Commentary: The LGBTQ community knows all too well what it’s like to be in the crosshairs of a deranged person filled with hate. When the killer (we will not publish the his name) drove more than 650 miles from Allen, Texas to El Paso for the sole purpose to “kill as many Mexicans” as he could, we know that his and other hate-filled whack jobs’ target could have just as easily been us.
In an El Paso Walmart, 22 people were gunned down and dozens of others wounded by a young man intent on carrying out his manifesto inspired by Donald Trump. It is the deadliest incident of violence against Hispanic people in U.S. history.
The New York Times wrote, “At campaign rallies before last year’s midterm elections, President Trump repeatedly warned that America was under attack by immigrants heading for the border. “You look at what is marching up. That is an invasion!” he declared at one rally. “That is an invasion!”
Nine months later, a 21-year-old white man is accused of opening fire in his twisted effort to carry out the President’s command. This attack was a response to the Hispanic invasion of Texas Donald Trump spoke of.
My first visit to a Walmart after the El Paso attack came a few days later. It was mid-morning and the store on Galveston’s seawall wasn’t too crowded. I just needed a few items so I pushed my mostly empty cart from aisle to aisle trying to remember what I came into the store for and not think about the recent rash of Walmart attacks.
I came upon a Hispanic family, parents and two children, probably between 6 and 10 years old. They were speaking Spanish. My first thought was, “I wonder if they feel safe.” Surely they were aware of what happened at the other end of Texas just a few days before.
They seemed happy enough as they tried to decide which soft drinks to put in their basket. I carried on and minded my own business. As I turned the aisle a thought crossed my mind.
So what is it like to walk around knowing you have a target on your back? Most people fortunately will never have to answer that question. Then I realized, I’ve been there.
While seeing that innocent family, I felt a sudden sensation of empathy. That, of course, is the ability to understand and share the feelings of another and to walk in someone else’s shoes, a quality lacking in the president. That caused me to realize that I and all other LGBTQ individuals have walked in their shoes.
We walked in the shoes of Orlando, where a hate-filled homophobe entered Pulse nightclub with the intent to kill as many queers as he could. Like El Paso is the deadliest act of violence against Hispanics, Orlando is the deadliest incident of violence against LGBT people in U.S. history.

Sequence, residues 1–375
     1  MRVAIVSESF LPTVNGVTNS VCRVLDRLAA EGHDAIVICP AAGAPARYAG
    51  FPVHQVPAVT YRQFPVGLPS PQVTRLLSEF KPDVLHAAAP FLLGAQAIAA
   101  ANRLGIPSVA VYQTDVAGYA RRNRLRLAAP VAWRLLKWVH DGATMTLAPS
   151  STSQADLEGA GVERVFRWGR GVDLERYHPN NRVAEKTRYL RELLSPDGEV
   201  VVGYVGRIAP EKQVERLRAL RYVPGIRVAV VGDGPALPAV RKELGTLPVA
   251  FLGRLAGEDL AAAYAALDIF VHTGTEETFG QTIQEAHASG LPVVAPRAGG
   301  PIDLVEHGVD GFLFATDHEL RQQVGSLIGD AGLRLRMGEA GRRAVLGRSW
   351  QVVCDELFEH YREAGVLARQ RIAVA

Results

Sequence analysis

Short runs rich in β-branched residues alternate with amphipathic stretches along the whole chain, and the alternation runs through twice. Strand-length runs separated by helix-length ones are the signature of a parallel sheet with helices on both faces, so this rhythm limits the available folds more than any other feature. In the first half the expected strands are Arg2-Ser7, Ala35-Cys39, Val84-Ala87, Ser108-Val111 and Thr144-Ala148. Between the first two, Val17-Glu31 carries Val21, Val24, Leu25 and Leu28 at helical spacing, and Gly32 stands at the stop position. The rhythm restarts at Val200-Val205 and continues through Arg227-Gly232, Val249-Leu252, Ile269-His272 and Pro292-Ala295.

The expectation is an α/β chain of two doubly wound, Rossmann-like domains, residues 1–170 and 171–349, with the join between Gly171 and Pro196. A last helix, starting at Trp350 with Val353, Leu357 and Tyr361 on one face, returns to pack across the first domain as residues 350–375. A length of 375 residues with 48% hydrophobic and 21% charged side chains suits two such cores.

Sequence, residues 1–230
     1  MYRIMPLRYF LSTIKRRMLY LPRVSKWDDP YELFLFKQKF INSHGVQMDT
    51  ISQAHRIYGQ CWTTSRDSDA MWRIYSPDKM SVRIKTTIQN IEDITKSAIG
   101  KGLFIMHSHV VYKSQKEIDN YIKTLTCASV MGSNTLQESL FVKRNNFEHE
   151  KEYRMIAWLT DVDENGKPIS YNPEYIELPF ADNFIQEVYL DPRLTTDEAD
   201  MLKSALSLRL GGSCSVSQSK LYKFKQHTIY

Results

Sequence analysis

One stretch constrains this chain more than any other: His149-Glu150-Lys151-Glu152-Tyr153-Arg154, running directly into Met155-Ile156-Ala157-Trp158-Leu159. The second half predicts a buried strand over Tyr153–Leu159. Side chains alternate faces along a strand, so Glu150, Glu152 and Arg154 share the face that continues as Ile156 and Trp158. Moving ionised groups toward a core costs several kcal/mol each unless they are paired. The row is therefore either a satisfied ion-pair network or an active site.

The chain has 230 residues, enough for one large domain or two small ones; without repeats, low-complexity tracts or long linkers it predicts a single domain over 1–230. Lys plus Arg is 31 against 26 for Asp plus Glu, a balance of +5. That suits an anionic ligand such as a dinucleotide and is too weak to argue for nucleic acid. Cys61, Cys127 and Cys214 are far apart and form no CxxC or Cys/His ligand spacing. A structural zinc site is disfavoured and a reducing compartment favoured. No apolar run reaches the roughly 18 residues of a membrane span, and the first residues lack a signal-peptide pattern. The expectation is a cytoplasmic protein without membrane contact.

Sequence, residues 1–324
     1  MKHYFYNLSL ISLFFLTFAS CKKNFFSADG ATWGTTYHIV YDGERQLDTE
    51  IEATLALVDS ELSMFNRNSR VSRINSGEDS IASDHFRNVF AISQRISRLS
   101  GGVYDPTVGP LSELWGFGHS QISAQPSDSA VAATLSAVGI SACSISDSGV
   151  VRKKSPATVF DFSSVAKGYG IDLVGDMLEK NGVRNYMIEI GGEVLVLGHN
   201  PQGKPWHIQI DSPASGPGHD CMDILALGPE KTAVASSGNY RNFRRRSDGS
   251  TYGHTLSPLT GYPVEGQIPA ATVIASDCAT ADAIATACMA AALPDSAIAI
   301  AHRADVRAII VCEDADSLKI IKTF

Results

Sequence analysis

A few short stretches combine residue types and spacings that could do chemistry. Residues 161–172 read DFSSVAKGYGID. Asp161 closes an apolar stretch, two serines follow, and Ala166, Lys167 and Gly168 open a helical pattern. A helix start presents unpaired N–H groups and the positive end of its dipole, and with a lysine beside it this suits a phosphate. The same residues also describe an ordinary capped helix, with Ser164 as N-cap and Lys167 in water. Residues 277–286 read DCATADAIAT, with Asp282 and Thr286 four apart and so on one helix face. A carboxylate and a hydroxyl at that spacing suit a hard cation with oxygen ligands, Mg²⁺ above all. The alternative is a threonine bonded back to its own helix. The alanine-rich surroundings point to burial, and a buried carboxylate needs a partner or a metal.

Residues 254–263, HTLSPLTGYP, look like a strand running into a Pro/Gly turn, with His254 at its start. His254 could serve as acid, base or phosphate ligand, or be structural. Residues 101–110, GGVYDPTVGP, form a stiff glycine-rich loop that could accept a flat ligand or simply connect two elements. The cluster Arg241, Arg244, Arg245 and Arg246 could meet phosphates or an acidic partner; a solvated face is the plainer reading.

In the wake of the horrific massacre in Orlando, a makeshift memorial was erected in the median near the corner of Westheimer Road and Montrose Boulevard in Houston. It was vandalized repeatedly until a permanent structure was dedicated in April at Tony’s Corner Pocket.
The flag at the memorial is emblazoned with the words, “With Love, Houston.”
Hate crimes are on the rise since Trump took office and we cannot expect that to change as long as he remains there and continues his hateful rhetoric. Under Trump, the GOP is attracting the support of the KKK and other right wing extremist organizations, as he embodies their values.
Trump has been a racist for years, and is pretty public about it. Heck, his father was a card-carrying member of the KKK. Take a look at the birther thing, or the racist attacks on a Federal Judge of Hispanic heritage, wanting to ban Muslims from entering the country or even his presidential candidacy announcement. Racists and bigots have embraced Trump and he, them. After all, they all hate the same people. Do not look for Republicans to call Trump out for his racist remarks. They fear retaliation and/or agree with him. Their silence speaks for itself.
We cannot change the hearts of racists and bigots but we can outnumber them. All minorities and oppressed groups must stand together. Adopt the phrase, “An attack on one of us is an attack on all of us,” and mean it. Your silence is complicity. Call out your racist friends when they make racist comments.
Years ago, Republicans tried to make the word “liberal” a dirty word. We chose to wear it as a badge of honor. Let’s see if they can do the same with the word “racist.”
The attacks in Orlando and El Paso were a direct assault on a specific community. It could have been us. It could have been you.
We are El Paso! With Love, Houston.